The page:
This was a rollicking page turner with a well-developed noir-world, a compelling conspiracy-plot keeping things moving, and enough “big ideas” to satisfy any sci-fi/space-opera fan.
In particular, I really like the universe that Corey builds. It’s lived in; it feels dirty and heavy. I particularly like the details (like the Belter creole) which highlight the difference between the outer and inner solar system. I also think it’s fascinating that a story set in a world dominated by Earth and Mars never actually visits Earth or Mars: a lesser book wouldn’t have been able to pull that off and would have wasted agonizing pages showing us leaders on the inner planets sneering.
In my last book review, I lamented that the main character was essentially flawless. That’s essentially my main issue with this book as well. Perhaps I’m just becoming too hard to please in my old age, but I’m annoyed that one character’s chief flaw is that he’s just too righteous while the other’s is that he’s just too good at his job.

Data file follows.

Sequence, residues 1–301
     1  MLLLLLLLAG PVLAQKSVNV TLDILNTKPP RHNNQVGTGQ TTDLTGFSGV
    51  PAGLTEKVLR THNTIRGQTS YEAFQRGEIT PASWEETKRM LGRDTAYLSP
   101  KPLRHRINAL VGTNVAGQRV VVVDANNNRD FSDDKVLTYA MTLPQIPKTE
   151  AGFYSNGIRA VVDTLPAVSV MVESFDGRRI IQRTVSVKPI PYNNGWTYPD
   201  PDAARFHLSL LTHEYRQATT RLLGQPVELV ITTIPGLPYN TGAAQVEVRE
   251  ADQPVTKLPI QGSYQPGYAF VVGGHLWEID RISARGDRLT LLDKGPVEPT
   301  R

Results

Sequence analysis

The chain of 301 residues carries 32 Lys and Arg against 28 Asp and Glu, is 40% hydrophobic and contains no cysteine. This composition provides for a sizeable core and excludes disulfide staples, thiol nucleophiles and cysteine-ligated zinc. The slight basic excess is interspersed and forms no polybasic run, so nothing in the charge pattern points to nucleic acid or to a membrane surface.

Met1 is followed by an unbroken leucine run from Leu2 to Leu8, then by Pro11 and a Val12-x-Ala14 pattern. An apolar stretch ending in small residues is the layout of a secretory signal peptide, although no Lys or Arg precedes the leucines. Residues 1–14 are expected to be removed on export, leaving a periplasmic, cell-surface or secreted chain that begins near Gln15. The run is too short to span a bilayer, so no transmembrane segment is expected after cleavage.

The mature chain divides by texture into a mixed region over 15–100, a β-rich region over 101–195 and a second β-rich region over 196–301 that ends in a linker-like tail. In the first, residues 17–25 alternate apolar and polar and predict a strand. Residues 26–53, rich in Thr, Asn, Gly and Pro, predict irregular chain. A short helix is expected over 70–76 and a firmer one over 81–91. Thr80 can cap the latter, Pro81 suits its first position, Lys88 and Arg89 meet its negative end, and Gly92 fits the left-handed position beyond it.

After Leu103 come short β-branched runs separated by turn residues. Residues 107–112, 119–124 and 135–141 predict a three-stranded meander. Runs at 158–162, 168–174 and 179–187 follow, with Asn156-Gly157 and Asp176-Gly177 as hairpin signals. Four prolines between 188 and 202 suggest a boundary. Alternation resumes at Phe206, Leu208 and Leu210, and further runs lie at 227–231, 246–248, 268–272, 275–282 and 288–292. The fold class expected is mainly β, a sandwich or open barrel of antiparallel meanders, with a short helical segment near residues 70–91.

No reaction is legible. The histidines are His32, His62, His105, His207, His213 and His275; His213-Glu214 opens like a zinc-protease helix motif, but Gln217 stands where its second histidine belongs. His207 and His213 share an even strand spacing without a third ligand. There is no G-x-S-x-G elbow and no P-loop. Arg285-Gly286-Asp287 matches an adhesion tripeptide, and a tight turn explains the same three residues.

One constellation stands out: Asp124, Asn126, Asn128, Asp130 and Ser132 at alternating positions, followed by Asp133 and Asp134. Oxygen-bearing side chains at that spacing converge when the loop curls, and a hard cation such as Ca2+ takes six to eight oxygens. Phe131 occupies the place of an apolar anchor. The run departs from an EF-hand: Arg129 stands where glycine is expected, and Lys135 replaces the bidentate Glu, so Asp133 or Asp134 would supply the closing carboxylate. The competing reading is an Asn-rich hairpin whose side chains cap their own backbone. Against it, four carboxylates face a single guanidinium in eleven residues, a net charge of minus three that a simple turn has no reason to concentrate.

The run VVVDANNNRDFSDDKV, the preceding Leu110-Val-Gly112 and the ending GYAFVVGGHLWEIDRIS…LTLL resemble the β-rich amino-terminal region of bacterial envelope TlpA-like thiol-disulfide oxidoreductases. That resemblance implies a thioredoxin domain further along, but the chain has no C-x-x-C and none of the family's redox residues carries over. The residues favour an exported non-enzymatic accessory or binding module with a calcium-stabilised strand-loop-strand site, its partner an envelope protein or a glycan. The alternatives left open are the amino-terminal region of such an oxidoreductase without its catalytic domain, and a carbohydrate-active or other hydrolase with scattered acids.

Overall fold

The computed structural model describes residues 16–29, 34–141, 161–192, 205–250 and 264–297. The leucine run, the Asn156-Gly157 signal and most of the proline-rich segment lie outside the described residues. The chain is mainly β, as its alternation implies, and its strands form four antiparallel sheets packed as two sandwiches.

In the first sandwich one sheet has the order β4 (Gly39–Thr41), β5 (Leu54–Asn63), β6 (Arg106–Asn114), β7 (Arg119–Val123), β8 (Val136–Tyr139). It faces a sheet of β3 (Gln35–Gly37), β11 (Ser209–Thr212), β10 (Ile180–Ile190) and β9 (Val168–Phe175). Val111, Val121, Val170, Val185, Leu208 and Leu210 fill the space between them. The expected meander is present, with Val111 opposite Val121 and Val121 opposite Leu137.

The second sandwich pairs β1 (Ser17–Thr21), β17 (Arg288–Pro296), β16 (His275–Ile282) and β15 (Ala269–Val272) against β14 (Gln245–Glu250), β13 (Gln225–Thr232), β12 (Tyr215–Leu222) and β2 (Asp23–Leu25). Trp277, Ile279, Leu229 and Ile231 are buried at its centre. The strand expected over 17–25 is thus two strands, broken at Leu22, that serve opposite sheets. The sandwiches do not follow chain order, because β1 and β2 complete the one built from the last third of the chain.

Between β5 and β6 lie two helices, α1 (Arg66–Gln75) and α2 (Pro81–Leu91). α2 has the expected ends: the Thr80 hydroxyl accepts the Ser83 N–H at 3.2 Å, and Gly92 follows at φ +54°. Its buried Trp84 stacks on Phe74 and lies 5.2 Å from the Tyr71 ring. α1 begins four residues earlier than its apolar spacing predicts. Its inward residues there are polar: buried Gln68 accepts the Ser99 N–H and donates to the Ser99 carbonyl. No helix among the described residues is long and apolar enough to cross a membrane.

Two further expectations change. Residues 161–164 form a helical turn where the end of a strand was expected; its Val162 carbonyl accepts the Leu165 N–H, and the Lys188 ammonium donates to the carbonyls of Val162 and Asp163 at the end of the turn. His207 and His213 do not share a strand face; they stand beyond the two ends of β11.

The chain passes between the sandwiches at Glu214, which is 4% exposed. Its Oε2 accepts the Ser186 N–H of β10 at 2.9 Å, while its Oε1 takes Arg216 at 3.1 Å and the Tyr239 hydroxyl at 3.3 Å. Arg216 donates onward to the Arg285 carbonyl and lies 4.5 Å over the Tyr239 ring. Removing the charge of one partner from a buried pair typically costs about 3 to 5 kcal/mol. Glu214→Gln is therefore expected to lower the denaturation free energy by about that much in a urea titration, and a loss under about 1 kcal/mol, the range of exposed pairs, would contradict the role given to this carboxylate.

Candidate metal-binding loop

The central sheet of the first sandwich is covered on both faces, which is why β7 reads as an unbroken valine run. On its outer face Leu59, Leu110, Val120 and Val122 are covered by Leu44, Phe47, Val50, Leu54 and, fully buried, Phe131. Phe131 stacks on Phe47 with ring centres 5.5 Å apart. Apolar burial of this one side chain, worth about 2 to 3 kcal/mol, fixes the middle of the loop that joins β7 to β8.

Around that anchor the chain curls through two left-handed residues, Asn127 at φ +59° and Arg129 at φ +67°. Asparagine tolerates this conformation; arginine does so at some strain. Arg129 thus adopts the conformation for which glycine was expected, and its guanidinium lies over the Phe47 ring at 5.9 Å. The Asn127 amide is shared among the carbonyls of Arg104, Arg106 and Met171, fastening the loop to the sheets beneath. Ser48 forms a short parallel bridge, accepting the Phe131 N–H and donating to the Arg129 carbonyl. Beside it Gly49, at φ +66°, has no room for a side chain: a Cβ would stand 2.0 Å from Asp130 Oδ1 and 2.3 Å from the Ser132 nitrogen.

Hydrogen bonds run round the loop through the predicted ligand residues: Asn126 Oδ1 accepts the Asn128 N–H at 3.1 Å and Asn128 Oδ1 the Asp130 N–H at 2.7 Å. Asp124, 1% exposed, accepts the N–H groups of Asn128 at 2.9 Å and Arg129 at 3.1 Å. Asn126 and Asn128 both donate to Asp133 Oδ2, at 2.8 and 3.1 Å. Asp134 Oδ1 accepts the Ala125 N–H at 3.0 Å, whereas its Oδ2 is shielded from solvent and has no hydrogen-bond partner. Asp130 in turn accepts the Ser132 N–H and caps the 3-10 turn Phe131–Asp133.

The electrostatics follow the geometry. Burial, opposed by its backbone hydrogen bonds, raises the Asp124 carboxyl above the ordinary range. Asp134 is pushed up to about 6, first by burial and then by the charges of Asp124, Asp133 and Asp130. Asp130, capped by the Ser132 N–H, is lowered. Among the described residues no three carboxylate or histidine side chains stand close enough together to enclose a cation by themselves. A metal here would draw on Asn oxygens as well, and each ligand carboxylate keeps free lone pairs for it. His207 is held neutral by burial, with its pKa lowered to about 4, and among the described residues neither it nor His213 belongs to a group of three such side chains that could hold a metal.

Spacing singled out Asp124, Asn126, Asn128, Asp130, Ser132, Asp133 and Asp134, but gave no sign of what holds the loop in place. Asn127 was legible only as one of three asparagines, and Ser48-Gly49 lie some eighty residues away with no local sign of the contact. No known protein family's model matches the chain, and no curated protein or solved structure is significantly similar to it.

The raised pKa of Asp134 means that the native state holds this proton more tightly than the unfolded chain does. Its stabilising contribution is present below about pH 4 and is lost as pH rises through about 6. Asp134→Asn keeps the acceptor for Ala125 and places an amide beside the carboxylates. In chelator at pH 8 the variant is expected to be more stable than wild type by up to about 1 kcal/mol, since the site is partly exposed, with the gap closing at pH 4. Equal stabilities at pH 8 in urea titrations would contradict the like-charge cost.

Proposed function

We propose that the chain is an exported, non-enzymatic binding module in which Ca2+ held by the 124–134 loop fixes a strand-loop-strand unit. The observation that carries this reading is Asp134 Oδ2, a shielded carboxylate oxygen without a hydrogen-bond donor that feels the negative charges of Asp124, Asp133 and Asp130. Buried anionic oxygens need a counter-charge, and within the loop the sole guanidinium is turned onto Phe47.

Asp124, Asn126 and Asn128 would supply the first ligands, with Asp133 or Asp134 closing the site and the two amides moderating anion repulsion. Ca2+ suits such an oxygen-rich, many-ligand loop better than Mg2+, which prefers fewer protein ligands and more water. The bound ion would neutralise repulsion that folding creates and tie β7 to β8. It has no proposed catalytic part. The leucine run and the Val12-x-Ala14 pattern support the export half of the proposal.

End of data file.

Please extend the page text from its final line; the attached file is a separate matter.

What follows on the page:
In the case of the first, that’s what other characters actually say about Holden. In the latter, there’s a weird disconnect between what the book tries to say about Miller (he’s a drunk, he can’t be trusted, he’s not a good detective) and what the book shows us about him (he keeps closing cases, he’s fired because he’s solving the case his boss didn’t expect him to solve, everyone he kills legitimately needed killing within the reality of the story): methinks the book doth protest too much.
It’s not a big complaint and it does manage to keep the story moving at a fast clip (even allowing for sub-light travel times). I’m looking forward to the planned television series and to the next book. Both promise to be lots of fun.